Having graduated with a B.S. Psychology degree from UP Diliman, Teddy said he chose to study at the state-run institution because the Philippine General Hospital, considered the university’s leading teaching hospital, has a patient pool that is “unmatched” in the country.
After graduating and becoming a full-fledged doctor, however, Teddy will be required to stay and work in the country, in light of a recent policy—called the Return Service Program (RSP) —implemented by the university.
The RSP, introduced in several colleges in UP Manila this school year, is a measure aimed at addressing the growing problem of “brain drain,” which has plagued the country’s different sectors, particularly the healthcare industry, in the past years.
Data from the UP College of Medicine showed that more than 80 percent of their graduates eventually leave the country to practice medicine overseas, and the number has been increasing in the past 10 years.
In an interview with GMA News’ “Unang Balita,” Alberto Roxas, Dean of UP Manila’s College of Medicine, said graduates of the Medicine program will be required to serve the country for three years after graduation, while other colleges will require at least two years of service to the country.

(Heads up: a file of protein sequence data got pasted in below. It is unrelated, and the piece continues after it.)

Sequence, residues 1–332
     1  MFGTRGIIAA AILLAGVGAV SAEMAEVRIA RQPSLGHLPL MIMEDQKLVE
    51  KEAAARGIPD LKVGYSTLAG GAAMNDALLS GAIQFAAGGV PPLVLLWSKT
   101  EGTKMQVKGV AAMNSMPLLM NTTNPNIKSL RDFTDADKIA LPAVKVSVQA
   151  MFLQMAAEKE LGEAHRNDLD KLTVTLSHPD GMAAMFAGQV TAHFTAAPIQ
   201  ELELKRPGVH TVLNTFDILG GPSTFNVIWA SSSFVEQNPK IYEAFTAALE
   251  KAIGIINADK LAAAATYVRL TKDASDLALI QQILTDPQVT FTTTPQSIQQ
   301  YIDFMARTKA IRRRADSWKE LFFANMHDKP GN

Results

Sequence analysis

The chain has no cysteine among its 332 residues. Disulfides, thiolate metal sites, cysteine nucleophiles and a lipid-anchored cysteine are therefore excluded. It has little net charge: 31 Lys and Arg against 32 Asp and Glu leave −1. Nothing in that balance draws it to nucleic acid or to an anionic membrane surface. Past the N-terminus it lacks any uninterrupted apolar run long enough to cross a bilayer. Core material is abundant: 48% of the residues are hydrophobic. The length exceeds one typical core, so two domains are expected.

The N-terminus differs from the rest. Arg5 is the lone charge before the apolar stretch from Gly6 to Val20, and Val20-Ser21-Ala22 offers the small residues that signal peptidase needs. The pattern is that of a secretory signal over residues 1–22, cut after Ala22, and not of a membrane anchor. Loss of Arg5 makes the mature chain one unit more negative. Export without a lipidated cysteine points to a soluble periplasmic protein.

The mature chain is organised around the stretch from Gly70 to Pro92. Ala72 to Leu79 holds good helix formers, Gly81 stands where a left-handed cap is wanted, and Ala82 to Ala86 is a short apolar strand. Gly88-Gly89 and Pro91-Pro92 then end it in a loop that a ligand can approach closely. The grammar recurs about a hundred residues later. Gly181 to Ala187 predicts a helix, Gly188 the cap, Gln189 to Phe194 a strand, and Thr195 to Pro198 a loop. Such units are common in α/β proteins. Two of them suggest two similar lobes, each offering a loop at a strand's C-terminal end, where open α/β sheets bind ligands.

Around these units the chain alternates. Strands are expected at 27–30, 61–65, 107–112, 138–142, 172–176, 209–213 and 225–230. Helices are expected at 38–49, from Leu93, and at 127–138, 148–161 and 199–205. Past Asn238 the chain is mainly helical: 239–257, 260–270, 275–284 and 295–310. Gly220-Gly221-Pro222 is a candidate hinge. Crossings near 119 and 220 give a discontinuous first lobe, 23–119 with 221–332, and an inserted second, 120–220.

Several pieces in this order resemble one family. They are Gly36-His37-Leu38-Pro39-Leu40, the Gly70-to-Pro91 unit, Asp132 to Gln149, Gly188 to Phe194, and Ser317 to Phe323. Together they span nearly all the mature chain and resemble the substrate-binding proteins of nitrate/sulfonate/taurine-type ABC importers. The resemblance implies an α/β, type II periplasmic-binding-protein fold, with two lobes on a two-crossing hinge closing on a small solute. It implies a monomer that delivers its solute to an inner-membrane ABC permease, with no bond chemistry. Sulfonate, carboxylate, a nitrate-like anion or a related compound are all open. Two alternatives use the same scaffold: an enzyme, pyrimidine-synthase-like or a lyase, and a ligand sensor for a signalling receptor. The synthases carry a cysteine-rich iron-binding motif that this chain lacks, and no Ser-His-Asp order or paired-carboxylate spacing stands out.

According to a document posted on the UP Manila website describing the program, the colleges that are covered for the first years of implementation include the College of Allied Medical Profession (CAMP); College of Dentistry; College of Medicine; College of Nursing; College of Pharmacy; College of Public Health; and School of Health Sciences.
“[This program] is voluntary, but it is an absolute requirement for admission,” Roxas clarified. “Ibig sabihin, kung ayaw mo [pumirma ng contract], eh ‘di huwag kang pumasok sa UP.”
Roxas said the government subsidizes approximately 80 percent of medical education in the College of Medicine, so it is but fitting that the students pay this subsidy back through service to the country.
Iskolar ng Bayan
To every UP graduate, the act of “giving back” to the country after graduation is no foreign concept, as it is immortalized in what UP students have come to be known for: “Iskolar ng Bayan,” or scholars of the people.
This is a concept not lost on Maranan, who said he thinks the new policy is “fair” and that it only makes sense.